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The Grow Room: A K Rd spot where art is thriving

The Wireless logo The Wireless 21/02/2017

This Auckland collective takes creative buds to full bloom.

 
© Provided by Radio New Zealand Limited "We just wanted a spot that was separate from making music in our garage, having neighbours complaining and stuff," says Ryan Shelford Hendriks, co-founder of The Grow Room.

Photo: Stjohn Milgrew/The Wireless

From the street, there’s little to indicate that beyond the plain exterior of Samoa House, on Karangahape Rd, there’s a crew shaping the next generation of art in one of Auckland’s most creative communities.

When I visit, a couch just inside the entrance is draped with young men in school uniform, part of The Grow Room’s growing roster of talent. They’re just here to hang out, dutifully keeping quiet through as I interview others in the crew, even as the room grows stiflingly hot, the air-con having been switched off so my recording is free of hum.

Ryan Shelford Hendriks co-founded The Grow Room with Ethan King a few years ago, initially leasing a space a couple blocks further down towards Queen St, in St Kevin’s Arcade.  

“We just wanted a spot that was separate from making music in our garage, having neighbours complaining and stuff. It was just creating a spot that, marae-style, we’d all sleep in, and make music,” Ryan says.

The spot they started brought in other musicians, friends and like-minded collaborators. When the rent went up everyone came together to help out. The collective started to form.

“A strong feeling I had was the separation from suburbia, or being isolated in a part of the city where you could feel free to do creative things,” says the collective’s social media manager, Larsen Winata Tito-Taylor.

Larsen makes music as Whyfi. His recorded output so far is a collection of sluggish, dusty beats, reminiscent of some of the Los Angeles beat scene, but with a distinctly Aotearoa flavour. This style defined The Grow Room early on, as they made their recordings available online through the likes of Bandcamp, but it’s not a sound they want to be pigeonholed by.  

“We kind of embody a hip-hop ethos,” Tito Taylor says, “but I’ve always felt there’s this underlying punk, DIY thing to it as well. There’s a whole side to what we’re doing that is unseen, that delves into that kind of alternative, punk catharsis.”

The Grow Room’s name might be a cheeky reference to certain psychoactive flora, but it’s other meaning explains what’s at the collective’s heart. Ryan says: “It’s a self-affirmation: no matter what situation arises, the answer is to grow through it.”

And everyone learns from one another and the bar keeps rising higher.

“I only started making beats this year. I got a machine and Larsen’s already done 10,000 hours on the machine. All the stuff that could’ve taken me a year to figure out producing by myself, he shows me the first time I’m making beats,” Ryan says.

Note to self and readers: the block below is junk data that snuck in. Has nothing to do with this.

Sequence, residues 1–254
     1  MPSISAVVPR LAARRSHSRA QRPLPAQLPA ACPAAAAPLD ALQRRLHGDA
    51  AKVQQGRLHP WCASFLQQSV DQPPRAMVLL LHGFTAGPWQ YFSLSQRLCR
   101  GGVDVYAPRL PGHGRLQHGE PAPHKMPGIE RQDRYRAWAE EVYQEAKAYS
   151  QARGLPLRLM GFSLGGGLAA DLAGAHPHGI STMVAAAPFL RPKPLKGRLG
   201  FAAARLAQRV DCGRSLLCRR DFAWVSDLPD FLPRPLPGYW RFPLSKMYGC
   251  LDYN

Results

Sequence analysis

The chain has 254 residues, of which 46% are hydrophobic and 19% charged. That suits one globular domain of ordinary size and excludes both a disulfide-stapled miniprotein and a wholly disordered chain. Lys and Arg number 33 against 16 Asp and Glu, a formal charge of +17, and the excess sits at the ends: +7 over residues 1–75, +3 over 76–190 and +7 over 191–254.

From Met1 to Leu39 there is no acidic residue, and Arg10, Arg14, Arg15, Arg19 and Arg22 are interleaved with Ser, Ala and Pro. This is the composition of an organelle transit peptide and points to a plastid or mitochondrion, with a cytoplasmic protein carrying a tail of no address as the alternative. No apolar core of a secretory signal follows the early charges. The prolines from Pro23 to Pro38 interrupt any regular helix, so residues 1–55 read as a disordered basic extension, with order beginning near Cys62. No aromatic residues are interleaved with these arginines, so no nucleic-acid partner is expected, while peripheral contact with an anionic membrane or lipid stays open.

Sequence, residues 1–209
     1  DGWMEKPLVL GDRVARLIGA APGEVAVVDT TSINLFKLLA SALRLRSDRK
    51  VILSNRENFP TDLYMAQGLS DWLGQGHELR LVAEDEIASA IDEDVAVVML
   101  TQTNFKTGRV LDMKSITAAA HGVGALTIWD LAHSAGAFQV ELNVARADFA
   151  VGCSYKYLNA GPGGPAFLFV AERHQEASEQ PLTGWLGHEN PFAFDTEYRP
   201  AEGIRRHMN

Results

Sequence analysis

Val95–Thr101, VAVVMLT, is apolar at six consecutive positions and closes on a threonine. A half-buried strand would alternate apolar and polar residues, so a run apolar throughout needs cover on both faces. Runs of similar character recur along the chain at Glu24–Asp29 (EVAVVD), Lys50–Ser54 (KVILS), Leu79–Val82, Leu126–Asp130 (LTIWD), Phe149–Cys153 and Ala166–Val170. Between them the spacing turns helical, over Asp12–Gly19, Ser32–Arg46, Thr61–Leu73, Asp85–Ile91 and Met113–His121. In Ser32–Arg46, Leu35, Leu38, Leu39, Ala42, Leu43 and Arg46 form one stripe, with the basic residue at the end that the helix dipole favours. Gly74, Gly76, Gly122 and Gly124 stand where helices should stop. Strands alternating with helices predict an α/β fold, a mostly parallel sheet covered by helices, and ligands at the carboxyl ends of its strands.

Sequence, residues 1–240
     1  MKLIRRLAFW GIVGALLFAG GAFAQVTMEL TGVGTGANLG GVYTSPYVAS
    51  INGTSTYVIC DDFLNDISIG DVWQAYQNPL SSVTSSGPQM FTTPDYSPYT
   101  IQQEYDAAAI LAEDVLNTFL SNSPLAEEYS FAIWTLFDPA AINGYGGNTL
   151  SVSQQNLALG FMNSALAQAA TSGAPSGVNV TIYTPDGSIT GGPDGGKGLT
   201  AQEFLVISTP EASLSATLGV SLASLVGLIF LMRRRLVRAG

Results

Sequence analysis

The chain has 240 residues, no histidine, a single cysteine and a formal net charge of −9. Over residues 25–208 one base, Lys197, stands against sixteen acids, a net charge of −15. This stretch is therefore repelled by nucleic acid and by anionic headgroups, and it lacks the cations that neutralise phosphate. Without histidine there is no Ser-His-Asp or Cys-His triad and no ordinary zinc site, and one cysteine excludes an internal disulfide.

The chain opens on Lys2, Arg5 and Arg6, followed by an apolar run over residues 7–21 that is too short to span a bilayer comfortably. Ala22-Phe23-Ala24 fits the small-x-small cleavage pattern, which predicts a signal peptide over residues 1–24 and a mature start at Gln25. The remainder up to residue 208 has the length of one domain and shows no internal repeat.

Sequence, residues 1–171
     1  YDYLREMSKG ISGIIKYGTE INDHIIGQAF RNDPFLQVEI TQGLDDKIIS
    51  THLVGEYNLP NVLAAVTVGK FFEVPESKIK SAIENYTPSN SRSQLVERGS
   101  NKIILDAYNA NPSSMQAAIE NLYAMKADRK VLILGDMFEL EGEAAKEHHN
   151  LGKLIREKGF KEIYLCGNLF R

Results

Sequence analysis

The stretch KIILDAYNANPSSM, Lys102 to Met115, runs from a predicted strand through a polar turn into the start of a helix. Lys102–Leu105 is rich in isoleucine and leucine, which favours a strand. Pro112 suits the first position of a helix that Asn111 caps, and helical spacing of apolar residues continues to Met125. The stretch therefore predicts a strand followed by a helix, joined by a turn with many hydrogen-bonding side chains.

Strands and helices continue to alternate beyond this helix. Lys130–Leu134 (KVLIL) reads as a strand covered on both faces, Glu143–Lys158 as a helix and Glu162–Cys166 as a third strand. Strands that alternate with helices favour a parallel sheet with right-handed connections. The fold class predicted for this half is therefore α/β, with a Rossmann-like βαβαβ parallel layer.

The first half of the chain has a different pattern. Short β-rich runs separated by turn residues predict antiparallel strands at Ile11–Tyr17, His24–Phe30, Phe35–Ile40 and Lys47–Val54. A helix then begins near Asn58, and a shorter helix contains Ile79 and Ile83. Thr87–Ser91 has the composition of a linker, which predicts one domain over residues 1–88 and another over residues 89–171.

Eli Scholer and Ryan Shelfold Hendriks. © Provided by Radio New Zealand Limited Eli Scholer and Ryan Shelfold Hendriks. Eli Scholer and Ryan Shelfold Hendriks.

Photo: Stjohn Milgrew/The Wireless

For Eli Scholer, who makes music as Affsid Kidjhagiffy, the space offered a welcome environment at a time when he needed it.

“I was going through various mental things and my social skills were really suffering. I was really searching for some kind of family beyond my family. It was really cool being with a bunch of like-minded creatives who only want to innovate ... We try to represent some emotions that you can’t really put into words.”

As well as musicians, The Grow Room has attracted other creatives who want to help and hang out. Ornthira Khamna is one such person. “What do I do here …” she contemplates. “I work on events sometimes … I work on design … and just chill. Vibes.”

Ornthira is the only woman in the room during my visit. It wasn’t much different when she first came by either. “It was just a bunch of dudes!” she says. But despite that, she felt very welcome. “I felt like I’d finally found family, or a home, or people I could relate to.”

The gender imbalance is clearly a topic that has been discussed before and something the crew feels strongly about. Ornthira says there has been talk about running workshops and wants them to try to reach out to women.

“I personally would like to see that aimed at women-only groups as well, because I feel like some women might be intimidated by being in a group of men,” she says and every man in the room nods intently.

Making music at The Grow Room © Provided by Radio New Zealand Limited Making music at The Grow Room Laying down beats.

Photo: Stjohn Milgrew/The Wireless

The mic finds its way back to Ryan, and he continues to enthuse about the virtues of community. “The ethos of having everyone in the same physical space, nowadays, I think people sleep on that whole idea,” he says.

Larsen elaborates, saying the digital age has created a tendency towards being anti-social, but has also led to more opportunities to create communities - and that plays into the social nature of music and creative spaces like The Grow Room.  

“I’ve spent the last two years with these people. You might come together and discuss an idea for music before you even know what that’s going to sound like. I think that’s really a strong thing that we’re around each other all the time,” he says.

The interview soon devolves into a freeform chat. The air-con gets switched back on and the students come over to join in. One 16-year-old shares his technique for perfect hi-hat programming with me. People jump on the turntables and drum machines that litter the desk space. Music starts being made.

LISTEN > Music 101 story on The Grow Room:

 

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